“How we spend our days is, of course, how we spend our lives.”
…so begins the review for the first book mentioned on Brain Pickings’s The 13 Best Psychology and Philosophy Books of 2013, The book, On Looking by Alexandra Horowitz, is a title that we have not yet read but have placed on the top of our “Want to Read” list. The review reminds us how easy it is to become so wrapped up in the trappings of day-to-day living that we can exist in our world without really noticing much about what is going on in the immediate world around us. Horowitz realized she had fallen into this daze as she walked her dog around the block day after day. She resolved to make an effort to “attend to inattention,” Horowitz enlisted the help of eleven different “experts” (e.g. an artist, a geologist, a dog) to help her learn to “look” in new ways.
As we mentioned, we are intrigued by the premise and find ourselves thinking about how it can help us think about “being present” in our personal lives and in our work with teachers in their classrooms. Without even reading the book, thinking about how other “experts” would view our work is fascinating and so, today, we leave you with this task:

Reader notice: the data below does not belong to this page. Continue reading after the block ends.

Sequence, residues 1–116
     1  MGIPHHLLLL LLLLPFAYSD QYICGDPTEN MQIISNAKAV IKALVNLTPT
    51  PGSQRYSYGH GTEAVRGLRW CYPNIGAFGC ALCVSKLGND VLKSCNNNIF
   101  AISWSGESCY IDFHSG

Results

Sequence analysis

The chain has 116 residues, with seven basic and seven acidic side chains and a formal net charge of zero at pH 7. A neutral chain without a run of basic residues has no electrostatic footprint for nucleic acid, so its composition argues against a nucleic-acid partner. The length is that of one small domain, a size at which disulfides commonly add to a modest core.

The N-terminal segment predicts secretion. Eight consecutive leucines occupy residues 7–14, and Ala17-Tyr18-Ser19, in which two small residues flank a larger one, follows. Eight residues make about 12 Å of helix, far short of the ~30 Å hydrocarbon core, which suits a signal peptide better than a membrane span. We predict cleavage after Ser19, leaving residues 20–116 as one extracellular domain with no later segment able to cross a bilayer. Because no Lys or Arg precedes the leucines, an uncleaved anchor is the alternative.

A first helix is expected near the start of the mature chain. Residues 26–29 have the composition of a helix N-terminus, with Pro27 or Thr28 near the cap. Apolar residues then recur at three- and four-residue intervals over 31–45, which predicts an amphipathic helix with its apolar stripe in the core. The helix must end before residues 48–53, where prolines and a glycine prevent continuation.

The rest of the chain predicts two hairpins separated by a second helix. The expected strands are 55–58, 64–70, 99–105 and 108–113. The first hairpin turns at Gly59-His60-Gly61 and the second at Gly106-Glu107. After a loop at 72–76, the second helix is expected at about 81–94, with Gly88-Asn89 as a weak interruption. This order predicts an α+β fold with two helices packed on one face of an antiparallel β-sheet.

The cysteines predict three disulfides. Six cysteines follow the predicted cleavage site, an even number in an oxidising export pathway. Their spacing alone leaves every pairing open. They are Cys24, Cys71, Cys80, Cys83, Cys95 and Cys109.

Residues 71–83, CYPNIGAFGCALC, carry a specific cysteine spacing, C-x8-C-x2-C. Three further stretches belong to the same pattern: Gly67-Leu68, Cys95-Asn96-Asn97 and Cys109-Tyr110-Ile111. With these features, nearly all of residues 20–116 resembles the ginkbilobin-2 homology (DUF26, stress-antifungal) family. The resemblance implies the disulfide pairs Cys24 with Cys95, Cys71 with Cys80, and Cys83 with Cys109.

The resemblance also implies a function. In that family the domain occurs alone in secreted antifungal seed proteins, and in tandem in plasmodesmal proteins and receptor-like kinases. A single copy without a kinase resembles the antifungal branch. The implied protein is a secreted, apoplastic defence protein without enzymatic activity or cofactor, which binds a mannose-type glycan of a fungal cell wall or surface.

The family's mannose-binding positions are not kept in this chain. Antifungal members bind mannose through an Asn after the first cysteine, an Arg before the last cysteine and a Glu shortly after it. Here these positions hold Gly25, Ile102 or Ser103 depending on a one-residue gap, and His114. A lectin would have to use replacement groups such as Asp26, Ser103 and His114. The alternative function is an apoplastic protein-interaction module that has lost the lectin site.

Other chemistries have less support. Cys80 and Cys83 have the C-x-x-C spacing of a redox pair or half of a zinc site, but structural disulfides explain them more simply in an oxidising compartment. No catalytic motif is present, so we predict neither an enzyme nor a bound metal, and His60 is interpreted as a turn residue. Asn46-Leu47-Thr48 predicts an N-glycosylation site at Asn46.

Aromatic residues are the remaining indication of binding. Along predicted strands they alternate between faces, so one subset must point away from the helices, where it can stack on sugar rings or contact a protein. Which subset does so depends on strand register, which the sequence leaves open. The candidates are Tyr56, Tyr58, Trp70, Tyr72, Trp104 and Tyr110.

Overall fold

After teaching a lesson, ask yourself these questions:
- What would my grade level colleagues notice?
- What would my administrator notice?
- What would my students notice?
- What would the parent of the most difficult child in my class notice?
- What would the parent of the most compliant child in my class notice?
Does this help you to “look” more closely at your classroom life? What do you notice? What do you see?